if one doesn’t know what the constraints of natural selection are, then one cannot know what homologies to expect.

    It seems to me that natural selection has been redefined often – always to suit the genetic observations!

    As Shrink said above: “they know evolution happened” – they just redefine the constraints of natural selection to explain it.

    One can do the same with Creationism, by redefining intelligent design as one sees fit.

    Bring on the time machine, or just be willing to say “we don’t know”.

  17. if one doesn’t know what the constraints of natural selection are, then one cannot know what homologies to expect.

    True, one cannot know exactly which homologies to expect. But we do know that there are some homologies which are expected, given what we’ve observed about natural selection in the lab and in the wild, and given the mathematical models we have of natural selection. So we have a fairly good sense of the parameters, I think.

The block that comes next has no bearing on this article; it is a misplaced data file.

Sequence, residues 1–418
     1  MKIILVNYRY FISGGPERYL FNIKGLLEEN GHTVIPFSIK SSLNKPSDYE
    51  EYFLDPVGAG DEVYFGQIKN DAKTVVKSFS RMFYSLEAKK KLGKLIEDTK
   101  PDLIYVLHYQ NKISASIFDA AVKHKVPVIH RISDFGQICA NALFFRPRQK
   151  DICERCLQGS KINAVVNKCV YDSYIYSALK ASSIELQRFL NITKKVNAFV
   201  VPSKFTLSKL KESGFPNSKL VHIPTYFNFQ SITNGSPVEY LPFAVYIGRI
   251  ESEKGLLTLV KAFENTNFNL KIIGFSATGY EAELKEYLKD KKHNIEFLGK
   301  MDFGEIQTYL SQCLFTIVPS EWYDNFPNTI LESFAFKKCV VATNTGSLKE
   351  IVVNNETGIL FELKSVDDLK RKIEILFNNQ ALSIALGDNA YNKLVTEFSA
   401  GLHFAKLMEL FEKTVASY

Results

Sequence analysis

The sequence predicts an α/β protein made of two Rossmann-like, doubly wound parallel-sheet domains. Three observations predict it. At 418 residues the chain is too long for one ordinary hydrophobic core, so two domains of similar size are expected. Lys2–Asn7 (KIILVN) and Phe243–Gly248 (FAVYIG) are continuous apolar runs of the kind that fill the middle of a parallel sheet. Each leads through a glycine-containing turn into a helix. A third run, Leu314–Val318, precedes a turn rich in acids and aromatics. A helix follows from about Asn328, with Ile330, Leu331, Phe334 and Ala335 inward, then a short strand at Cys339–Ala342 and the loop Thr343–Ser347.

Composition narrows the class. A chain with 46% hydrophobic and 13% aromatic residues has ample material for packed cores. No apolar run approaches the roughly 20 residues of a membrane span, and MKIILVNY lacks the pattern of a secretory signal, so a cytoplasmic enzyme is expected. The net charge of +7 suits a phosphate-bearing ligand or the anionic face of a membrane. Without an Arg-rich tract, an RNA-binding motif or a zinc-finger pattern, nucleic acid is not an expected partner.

By contrast, intelligent design can only yield testable parameters if we know a good deal about what the designer would or would not have done. This is why it’s a terrible idea for evolutionists to say “No intelligent designer would have done it this way.” That idea really is crypto-theology, and it deserves the criticisms it’s gotten from the ID crowd.

    As I see it, the question isn’t “do we know that evolution happened?” but rather “do we have good reasons — reasons backed up by the preponderance of available evidence — for believing that evolution happened?” In other words, make the question about probability rather than certainty. But those who want (or need?) certainty will have to look elsewhere than to science.

  18. @Carl Sachs